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How do you know you are doing a good job? It seems like a simple question to answer but it plagues me. I have done my follow ups and I have not "lost" a customer and have had very few fixes. Mostly a "Hey you missed a spot". But when I look at my house I always bump into demons. A bush mark here and there, the cut in extends or doesn't meet the ceiling, the roll over on the corner is noticeable, and etc. Am I being over critical? Do customers not care that much? Maybe they like me because I'm reliable rather then good and don't want to hurt my feelings? Maybe I'm doing a good job and need to relax? Is it just me?
 

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I think most of us tend to be our own worst critics. I jokingly tell customers I will usually see and deal with “issues” they would never notice. But I’d rather that be the case than having them point out stuff to me.
And like you, I tend not to be nearly as critical when working on stuff in my own place - especially if it’s something my wife wanted done.
 

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Truth be told, I am perfect and my work could be too. But I find being perfect puts other people off. So I purposely introduce some mistakes just to make everyone else feel better. 😝

But seriously, I am my own worst critic and, while there are occasional exceptions, my expectations for how things end up looking / getting done are basically higher than those of the clients. Like RH (and probably the rest of us), I also fix things that it's unlikely that anyone else would ever notice of pay mind too. The clients often end up knowing this, actually, and since they see me running around trying to be a perfectionist, I'm convinced that they actually look that much less closely.

We just look at these things differently. We know how it's "supposed" to go and where the flaws are likely to be introduced, or even where we know we've left them. Most people don't have that point of view.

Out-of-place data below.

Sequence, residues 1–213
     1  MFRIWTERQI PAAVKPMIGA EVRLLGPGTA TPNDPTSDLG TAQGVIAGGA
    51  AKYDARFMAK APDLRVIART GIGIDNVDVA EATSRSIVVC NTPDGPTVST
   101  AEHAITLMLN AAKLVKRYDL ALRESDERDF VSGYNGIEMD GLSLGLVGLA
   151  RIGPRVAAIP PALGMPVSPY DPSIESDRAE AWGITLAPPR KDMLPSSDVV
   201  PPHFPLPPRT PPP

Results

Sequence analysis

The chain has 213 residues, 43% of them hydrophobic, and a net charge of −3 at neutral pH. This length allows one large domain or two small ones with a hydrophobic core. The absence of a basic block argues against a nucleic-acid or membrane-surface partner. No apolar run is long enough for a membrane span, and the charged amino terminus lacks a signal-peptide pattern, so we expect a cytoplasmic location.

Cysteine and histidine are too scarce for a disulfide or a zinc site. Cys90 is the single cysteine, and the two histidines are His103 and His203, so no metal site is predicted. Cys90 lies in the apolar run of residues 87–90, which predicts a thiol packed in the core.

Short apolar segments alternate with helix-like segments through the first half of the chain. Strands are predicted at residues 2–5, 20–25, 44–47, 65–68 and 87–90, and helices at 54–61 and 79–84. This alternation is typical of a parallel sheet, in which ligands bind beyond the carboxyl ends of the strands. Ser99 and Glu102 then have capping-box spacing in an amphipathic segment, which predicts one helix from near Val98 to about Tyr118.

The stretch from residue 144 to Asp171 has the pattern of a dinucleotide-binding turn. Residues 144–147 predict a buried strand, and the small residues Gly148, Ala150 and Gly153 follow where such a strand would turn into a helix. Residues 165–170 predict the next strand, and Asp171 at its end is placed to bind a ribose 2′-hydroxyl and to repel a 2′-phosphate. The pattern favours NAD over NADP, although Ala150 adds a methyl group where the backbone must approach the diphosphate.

And, also like RH - at my own house? Meh. Not all that obsessed.

I'd say the way you know is just to read your customers. And if they aren't whining and complaining and they're asking you back. Well, then you're doing a "good job."
 

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There's no perfect painters, or perfect paint jobs in the entire world. We can always talk a big game on the internet about how great we are, take pictures of wet trim pieces and claim we brush everything out to look like glass, paint rooms in 6 minutes perfectly, but we do all suck. Everyone in this field has left a bad cut line, brush marks on trim, a roller line or two, some runs or sags somewhere, or did a wonky drywall patch before. Anyone who claims to not have not ever done this is a liar. Just look at every paint job in the world around you, there's no perfect ones. The biggest thing you can do is just continually improve and try to stop making those mistakes to the point where they become a 1/100 rarity compared to on every job. The way to not make those mistakes is less about "try harder" compared to finding out why you make them and thinking of ways to improve and analyzing why the mistakes occur (is it material, is it technique, is it prep?)